So I decided to take the love dare challenges, and adapt them to our whole family, including the sibling relationships. Now, I kinda sorta started this back a few months ago, and then the holidays hit. Back then we were trying to do it the way the book is written, one dare for each day, lasting for 40 days. Well, I don't like that, since I am doing this with the kids in mind, I don't think it "sinks in" that quickly. So we are going to do each dare for at least a week (or longer if we need to).
So onward and upward.....
Love dare #1: Love is patient
Ephesians 4:2 "Be completely humble and gentle; be patient, bearing with one another in love."
Dictionary definition of patience:
- good-natured tolerance of delay or incompetence
- is the state of endurance under difficult circumstances, which can mean persevering in the face of delay or provocation without becoming annoyed or upset; or exhibiting forbearance when under strain, especially when faced with longer-term difficulties.
- The story of Job exemplifies patience. Job endured near apocalyptic calamities with patience, never once reproaching G-d.
- The story of Micah, for example, is that he suffers many challenging conditions and yet endures, saying "I will wait for the God who saves me." Patience in God, it is said, will aid believers in finding the strength to be delivered from the evils that are inherent in the physical life.
- "The patient man shows much good sense, but the quick-tempered man displays folly at its height" (Proverbs 14:29, NAB)
- "An ill-tempered man stirs up strife, but a patient man allays discord." (Proverbs 15:18, NAB)
- "A patient man is better than a warrior, and he who rules his temper, than he who takes a city." (Proverbs 16:32)
- "Better is the patient spirit than the lofty spirit. Do not in spirit become quickly discontented, for discontent lodges in the bosom of a fool." (Ecclesiastes 7:8-9, NAB).
- "be patient with all. See that no one returns evil for evil; rather, always seek what is good for each other and for all" (1 Thessalonians 5:14-15, NAB)
- "everyone must be quick to hear, slow to speak, and slow to anger" (James 1:19, NAB).
- Horton Hatches an Egg by Dr. Suess
Love is the most important, powerful force in the whole universe. Love always wants to do what is the best for others and it can help us to overcome our greatest problems. We are all born wanting to have love in our lives. Our hearts need it in the same way our body needs food and water. Being loved can change who we are, just as certainly as not being loved can warp and twist who we were meant to be.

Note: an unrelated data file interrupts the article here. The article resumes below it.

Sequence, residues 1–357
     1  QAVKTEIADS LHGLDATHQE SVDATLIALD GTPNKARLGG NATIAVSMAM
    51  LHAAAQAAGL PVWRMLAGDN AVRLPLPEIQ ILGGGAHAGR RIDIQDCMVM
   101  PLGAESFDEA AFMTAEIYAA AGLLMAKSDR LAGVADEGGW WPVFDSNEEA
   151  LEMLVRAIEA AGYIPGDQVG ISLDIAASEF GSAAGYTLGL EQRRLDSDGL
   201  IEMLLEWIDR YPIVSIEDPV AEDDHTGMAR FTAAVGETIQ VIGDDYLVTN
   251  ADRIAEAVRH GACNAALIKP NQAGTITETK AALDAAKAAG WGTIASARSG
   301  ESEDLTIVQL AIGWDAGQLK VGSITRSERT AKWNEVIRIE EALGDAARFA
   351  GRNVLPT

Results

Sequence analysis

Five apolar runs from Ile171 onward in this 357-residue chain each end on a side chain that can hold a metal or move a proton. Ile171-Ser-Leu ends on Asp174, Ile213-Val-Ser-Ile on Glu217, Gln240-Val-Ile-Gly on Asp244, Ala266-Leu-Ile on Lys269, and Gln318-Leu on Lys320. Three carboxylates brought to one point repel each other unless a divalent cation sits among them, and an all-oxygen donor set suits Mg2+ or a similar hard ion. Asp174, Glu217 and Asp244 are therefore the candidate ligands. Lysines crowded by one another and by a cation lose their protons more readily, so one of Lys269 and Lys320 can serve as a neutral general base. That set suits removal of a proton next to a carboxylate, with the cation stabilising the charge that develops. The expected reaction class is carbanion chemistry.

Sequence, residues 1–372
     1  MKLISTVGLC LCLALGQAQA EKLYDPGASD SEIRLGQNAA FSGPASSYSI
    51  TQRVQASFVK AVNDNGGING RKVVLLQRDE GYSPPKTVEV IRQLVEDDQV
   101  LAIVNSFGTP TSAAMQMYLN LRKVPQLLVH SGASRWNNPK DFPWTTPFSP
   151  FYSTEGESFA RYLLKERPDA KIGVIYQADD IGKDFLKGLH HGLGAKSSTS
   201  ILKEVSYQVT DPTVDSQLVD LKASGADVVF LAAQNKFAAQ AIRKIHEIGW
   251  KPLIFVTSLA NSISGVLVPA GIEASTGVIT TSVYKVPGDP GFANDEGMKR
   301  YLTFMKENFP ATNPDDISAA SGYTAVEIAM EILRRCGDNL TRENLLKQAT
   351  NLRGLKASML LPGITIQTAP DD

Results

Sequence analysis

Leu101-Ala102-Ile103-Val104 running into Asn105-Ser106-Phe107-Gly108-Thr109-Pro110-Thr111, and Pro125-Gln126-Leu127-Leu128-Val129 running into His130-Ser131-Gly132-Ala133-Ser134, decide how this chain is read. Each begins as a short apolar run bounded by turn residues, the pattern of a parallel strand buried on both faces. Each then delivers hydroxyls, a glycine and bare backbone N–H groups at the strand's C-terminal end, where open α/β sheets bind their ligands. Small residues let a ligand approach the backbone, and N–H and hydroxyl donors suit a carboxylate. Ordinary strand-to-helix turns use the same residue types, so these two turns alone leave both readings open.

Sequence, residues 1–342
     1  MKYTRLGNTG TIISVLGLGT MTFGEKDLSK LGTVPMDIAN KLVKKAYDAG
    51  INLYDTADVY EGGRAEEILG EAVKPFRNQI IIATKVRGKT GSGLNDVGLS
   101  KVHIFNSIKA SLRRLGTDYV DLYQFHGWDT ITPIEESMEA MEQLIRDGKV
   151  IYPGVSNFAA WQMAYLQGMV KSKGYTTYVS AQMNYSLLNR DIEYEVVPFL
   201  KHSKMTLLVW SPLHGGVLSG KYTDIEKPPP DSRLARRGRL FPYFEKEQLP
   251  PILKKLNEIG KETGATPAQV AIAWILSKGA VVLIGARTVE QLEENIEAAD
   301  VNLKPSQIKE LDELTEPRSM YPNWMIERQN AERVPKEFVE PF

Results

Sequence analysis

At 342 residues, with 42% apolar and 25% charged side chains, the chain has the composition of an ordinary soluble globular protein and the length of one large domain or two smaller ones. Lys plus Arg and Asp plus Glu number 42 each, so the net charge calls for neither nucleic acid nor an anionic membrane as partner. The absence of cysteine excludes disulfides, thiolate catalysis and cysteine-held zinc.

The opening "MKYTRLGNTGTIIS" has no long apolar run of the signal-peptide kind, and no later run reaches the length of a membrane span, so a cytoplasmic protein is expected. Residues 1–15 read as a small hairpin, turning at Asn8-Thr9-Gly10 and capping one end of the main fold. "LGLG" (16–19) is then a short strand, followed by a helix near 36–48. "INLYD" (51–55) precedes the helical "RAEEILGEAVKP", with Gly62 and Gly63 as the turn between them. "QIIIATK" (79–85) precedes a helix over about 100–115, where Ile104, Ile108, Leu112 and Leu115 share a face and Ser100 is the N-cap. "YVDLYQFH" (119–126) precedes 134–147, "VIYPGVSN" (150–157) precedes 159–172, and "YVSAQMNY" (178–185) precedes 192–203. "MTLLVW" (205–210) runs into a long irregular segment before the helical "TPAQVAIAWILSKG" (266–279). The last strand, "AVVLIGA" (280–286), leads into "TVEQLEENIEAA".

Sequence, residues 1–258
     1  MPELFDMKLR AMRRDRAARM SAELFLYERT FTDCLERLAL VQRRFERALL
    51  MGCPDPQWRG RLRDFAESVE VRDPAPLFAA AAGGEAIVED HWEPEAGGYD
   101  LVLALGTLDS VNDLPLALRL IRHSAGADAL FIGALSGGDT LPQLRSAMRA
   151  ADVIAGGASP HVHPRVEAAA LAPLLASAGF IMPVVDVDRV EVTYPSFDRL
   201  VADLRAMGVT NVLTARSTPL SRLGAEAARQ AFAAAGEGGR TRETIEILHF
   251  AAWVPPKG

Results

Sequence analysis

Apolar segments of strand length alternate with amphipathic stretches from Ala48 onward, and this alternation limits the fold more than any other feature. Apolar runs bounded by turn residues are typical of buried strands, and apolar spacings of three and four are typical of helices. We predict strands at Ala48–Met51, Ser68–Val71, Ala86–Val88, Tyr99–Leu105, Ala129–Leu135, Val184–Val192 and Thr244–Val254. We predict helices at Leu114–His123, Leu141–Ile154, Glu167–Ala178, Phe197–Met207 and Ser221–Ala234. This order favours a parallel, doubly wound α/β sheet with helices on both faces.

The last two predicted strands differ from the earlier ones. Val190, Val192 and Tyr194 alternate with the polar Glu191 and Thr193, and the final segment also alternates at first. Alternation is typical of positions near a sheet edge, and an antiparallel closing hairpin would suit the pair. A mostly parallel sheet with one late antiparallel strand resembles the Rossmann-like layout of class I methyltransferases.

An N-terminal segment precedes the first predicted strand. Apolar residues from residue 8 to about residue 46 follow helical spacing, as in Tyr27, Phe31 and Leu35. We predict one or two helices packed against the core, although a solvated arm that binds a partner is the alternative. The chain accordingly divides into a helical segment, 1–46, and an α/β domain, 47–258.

The two most important ingredients in love are patience and kindness. That is where we will begin, with patience.
When you choose to be patient, you are choosing to bring something positive and good into a negative and bad situation. Patience is not easy, it means that you have to control your anger. Patience helps you to extend mercy, and not react out of anger.
Being impatient makes you say and do things that are angry, foolish, and hurtful. When you choose to be angry, you will create even more anger. It becomes a cycle that builds upon itself. Anger rarely makes things better.
It is a choice you can make to control your emotions, and show patience instead of responding right back to someone who hurts you in anger. If your family(sister/brother/mother/father/wife/husband) hurts you, do you automatically try to hurt them back? Do you immediately become angry? If you do that, instead of giving the good medicine of patience to the problem, you are poisoning your relationship.
Patience makes you smart, wise. Patience doesn't automatically try to "get back at" the person who hurt you. She tries to hear what might be going on for the other person. Patience give you and the people around permission to be human, to fail. When a mistake is made, patience gives time for the person to correct it.
What do you think our house would be like if we all practiced patience? How would you feel if people were more patient with you? How could you make others feel if you were patient with them?
None of us can be perfect, or perfectly patient. But we can practice it, and work at it. Try to make it a part of our family and our relationships.
So your challenge for this week: For the next week, resolve to demonstrate patience with your family. Go one week without saying anything hurtful to your family. If the temptation arises, say nothing, go for a time out, count to ten. Its better to hold your tongue than to say something you would regret.
Each night we will check in at dinner and ask the following questions (of mom and dad too).....
Did anything happen today to cause you to be angry with anyone in the family?
How did you handle that?
Were you able to be patient?
If you could go back, and change how you handled it, how would you do it differently?